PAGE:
Saturday, August 13, 2011


Kathleen George, author of police thrillers, was an Edgar finalist for best novel for The Odds. A trade edition of The Odds was released last month.

She applied the Page 69 Test to her new novel, Hideout, the sequel to The Odds, and reported the following:
From page 69:
“Let’s start with the window sill in the bathroom. See how it goes.” She came down the stairs a bit more. She was dressed up, possibly going somewhere and didn’t want him to know. She was saying, “Last night, I put everything in the hallway outside the bathroom, so I’d be ready for today.” She ushered him up the steps ahead of her.

He saw things on a tray: paint, the brushes, a scraper, some sandpaper, a scrub brush. She said, “If there’s paint that’s chipping but won’t come off, you use this. Then you sand it all down smooth. Then use the brush to get all the dust off.”

“Where do I dump it?”

“Waste basket. Call me when you’ve finished this one. We’ll see where to go from there.”

He watched her go downstairs. The tools were lined up and they looked simple enough. He had to try. Soon he heard a radio playing. The idea that the accident might still be on the news sent a shiver though him. Gray truck, gray truck, he told himself. He heard pots and pans clattering. Ten dollars an hour. He could drag it out. Enough for food if nothing else. It would take a couple of days of work, more, to fix the truck.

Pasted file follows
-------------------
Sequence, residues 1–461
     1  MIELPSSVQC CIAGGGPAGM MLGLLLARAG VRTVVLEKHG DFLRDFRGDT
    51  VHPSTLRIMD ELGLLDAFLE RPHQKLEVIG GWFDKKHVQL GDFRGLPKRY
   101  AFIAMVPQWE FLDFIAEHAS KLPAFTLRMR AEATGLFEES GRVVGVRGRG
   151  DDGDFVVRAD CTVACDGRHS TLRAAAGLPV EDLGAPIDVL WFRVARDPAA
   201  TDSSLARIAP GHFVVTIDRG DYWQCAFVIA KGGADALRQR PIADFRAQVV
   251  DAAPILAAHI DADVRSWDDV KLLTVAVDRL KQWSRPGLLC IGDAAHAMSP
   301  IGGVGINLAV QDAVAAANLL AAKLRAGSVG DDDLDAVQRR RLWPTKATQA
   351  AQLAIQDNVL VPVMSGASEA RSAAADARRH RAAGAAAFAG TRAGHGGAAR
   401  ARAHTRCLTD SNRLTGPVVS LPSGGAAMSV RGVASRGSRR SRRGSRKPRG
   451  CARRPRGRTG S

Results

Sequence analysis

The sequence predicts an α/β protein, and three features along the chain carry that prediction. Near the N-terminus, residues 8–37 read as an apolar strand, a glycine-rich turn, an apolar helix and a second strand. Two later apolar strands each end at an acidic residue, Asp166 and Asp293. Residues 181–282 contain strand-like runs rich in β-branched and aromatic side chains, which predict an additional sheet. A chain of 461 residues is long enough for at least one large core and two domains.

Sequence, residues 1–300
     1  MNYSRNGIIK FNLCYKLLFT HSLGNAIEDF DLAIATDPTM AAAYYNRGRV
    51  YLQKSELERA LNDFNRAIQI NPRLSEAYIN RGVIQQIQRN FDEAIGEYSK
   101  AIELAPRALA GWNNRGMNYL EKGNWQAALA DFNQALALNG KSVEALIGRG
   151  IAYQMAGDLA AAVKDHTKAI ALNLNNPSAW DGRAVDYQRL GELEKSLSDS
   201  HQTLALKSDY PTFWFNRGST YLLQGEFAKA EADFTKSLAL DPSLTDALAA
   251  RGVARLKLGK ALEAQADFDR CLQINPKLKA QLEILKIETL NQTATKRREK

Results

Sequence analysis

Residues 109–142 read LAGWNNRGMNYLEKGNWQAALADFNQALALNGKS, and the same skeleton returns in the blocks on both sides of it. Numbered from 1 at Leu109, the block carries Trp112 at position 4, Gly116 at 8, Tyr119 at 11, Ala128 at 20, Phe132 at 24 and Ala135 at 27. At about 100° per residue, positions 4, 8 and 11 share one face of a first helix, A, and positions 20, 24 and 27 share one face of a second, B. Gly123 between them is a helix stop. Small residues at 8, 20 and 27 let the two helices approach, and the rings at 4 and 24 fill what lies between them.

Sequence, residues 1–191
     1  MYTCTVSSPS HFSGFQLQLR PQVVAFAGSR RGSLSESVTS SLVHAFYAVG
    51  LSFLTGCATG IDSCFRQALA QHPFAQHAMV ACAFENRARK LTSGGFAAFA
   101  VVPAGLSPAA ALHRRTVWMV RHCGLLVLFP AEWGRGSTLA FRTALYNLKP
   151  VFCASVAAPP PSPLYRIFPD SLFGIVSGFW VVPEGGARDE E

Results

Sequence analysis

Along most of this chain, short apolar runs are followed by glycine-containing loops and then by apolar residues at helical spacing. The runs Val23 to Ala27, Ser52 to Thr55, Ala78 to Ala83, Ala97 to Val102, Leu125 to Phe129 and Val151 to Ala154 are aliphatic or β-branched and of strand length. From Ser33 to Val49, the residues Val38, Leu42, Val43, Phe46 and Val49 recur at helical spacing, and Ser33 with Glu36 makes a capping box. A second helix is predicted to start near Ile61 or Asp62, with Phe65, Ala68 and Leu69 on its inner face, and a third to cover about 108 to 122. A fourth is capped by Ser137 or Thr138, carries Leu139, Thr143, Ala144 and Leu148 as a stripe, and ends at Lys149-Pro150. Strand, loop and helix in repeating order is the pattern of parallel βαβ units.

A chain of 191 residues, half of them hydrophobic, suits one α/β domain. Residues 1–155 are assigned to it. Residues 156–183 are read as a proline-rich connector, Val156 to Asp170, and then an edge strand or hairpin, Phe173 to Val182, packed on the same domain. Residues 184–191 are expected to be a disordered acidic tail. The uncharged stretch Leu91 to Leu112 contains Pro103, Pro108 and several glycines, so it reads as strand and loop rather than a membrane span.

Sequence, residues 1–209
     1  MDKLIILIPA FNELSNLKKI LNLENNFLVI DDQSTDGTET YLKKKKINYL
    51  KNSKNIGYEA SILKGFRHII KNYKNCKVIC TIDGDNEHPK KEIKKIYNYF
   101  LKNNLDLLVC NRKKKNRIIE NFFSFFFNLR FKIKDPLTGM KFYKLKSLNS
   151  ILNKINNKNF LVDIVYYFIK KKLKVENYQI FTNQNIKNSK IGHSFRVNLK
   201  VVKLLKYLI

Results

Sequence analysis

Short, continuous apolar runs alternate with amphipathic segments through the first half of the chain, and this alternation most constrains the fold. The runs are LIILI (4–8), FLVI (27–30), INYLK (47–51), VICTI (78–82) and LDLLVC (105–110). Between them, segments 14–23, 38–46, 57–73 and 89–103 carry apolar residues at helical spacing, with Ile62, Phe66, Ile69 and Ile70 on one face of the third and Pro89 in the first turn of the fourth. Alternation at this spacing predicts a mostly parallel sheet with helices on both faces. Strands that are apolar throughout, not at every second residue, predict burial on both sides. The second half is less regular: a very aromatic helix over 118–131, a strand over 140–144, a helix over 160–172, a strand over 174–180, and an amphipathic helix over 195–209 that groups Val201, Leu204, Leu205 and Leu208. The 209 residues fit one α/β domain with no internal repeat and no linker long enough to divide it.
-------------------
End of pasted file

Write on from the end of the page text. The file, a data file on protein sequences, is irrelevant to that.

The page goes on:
He concentrated on the job at hand. He spent twenty minutes working on the bathroom sill. When it looked smooth, he decided to start on places on the outside part of the windowsill that were down to raw splintered wood. The woman hadn’t asked for it, but it would buy him time. Once he got started, he began to notice places on the upper window frame that needed work. Weather, years of weather. When people lived in rural places, they left their windows open.

A sugary smell made its way up the steps from the kitchen, making his stomach gnaw itself.

Some minutes later, she came up the steps to check on him. “Still on the same sill?”
What does my page 69 of Hideout show me--or any skimmer/browser leafing through the book? It shows me Jack Rutter and Addie Ward on the same page—uncomfortable both. She’s trying to show him work that needs to be done at her summerhouse. He’s looking at possible weapons and remembering what his brother wants him to do--hit the old lady, incapacitate her, steal something of value.